When Leanne first enthusiastically told me about Sona Jobarteh, I was curious. Sona is a renowned Gambian musician and one of the few female kora players in the world. Leanne told me about how much she loved her vibrant West African music – and how brilliant it was that she was playing at the Skirball Cultural Center over the summer. Excited, we marked the date on our calendars and made plans to meet to savor great music, under the stars of Los Angeles in the Bel-Air hillside.
Sona Jobarteh was born into a prestigious Gambian Griot family. The Griots, also known as Jalis, are traditional oral historians, musicians, and storytellers responsible for passing down the cultural heritage of the Mandinka people. Sona’s family has a long history of kora playing, dating back to many generations.
The kora is a unique and captivating musical instrument with a rich history that is deeply intertwined with the cultural heritage of West Africa, particularly in the regions of Mali, Senegal, Guinea, and the Gambia. The kora’s design resembles elements of both the harp and the lute. he kora consists of a large calabash (a type of gourd) resonator covered with cowhide, a long hardwood neck, and 21 strings. These strings are traditionally made from fishing line or other materials, and they are played using the thumb and index finger of both hands. The kora’s design has evolved over time, with variations in the number of strings and the overall structure.
Sona’s interest in the kora, despite being traditionally considered a male instrument, was groundbreaking. What both Leanne and I loved is that she became one of the first women to master the kora and perform it professionally.
Needless to say, I was looking forward to basking in Sona’s presence and playing in person. So, when the night came, I wore my most fashionable outfit and make my way to the Skirball. Immediately, I felt the presence and vibe of African culture in Los Angeles. To start, there was a West African Marketplace, featuring local Los Angeles vendors through @blackwomenvend.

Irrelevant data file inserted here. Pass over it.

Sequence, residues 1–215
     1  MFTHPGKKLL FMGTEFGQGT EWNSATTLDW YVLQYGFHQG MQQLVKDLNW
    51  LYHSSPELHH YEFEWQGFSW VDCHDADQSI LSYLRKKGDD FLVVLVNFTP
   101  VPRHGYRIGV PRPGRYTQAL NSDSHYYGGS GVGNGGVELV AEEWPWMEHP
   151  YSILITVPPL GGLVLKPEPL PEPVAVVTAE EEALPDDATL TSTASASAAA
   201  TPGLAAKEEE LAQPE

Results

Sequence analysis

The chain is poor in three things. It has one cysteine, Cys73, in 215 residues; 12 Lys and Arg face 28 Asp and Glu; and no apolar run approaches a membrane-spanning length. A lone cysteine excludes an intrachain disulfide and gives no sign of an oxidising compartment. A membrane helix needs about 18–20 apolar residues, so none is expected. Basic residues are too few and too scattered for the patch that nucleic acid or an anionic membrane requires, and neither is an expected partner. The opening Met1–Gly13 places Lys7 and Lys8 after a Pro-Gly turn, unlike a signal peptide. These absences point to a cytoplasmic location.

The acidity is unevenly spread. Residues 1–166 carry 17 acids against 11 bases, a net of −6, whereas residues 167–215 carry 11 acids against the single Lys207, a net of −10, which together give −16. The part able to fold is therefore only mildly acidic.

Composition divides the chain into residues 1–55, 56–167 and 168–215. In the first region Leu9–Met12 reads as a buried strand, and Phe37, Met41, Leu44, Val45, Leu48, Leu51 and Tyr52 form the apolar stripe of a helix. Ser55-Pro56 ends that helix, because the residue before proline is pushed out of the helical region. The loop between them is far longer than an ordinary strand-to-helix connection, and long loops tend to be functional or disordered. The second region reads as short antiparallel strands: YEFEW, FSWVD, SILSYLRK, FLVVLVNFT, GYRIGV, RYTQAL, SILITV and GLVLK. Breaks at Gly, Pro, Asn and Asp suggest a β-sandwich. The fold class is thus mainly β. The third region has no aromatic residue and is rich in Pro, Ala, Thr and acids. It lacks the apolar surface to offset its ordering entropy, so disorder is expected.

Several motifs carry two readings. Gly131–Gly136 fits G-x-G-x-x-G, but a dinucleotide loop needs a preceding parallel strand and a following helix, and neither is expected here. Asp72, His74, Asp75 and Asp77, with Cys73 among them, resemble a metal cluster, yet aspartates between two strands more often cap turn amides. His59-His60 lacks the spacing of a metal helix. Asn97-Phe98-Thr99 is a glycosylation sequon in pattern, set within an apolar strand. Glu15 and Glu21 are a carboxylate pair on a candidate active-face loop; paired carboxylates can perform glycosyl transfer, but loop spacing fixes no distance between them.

What I cherished the most about the concert is that Sona’s music is deeply rooted in West African traditions. But, she also infuses it with contemporary elements and her unique style. One song that she played was deeply influenced by American blues music.
Her compositions address important social and cultural issues, and she uses her platform to promote gender equality and challenge stereotypes.
The vibe of the crowd was magical. I loved hearing the way Sona harmonized with us as we sang along to the melody she created.
During the performance, she spoke vibrantly of the need for equal rights and justice, her school in Africa and the need for society to continue to be mindful of progress forward toward a more expansive and beautiful future on Earth.
The standing ovation Sona and her band received at the end of the performance was resoundingly well warranted.
Skirball Cultural Center
2701 N Sepulveda Blvd
Los Angeles, California 90049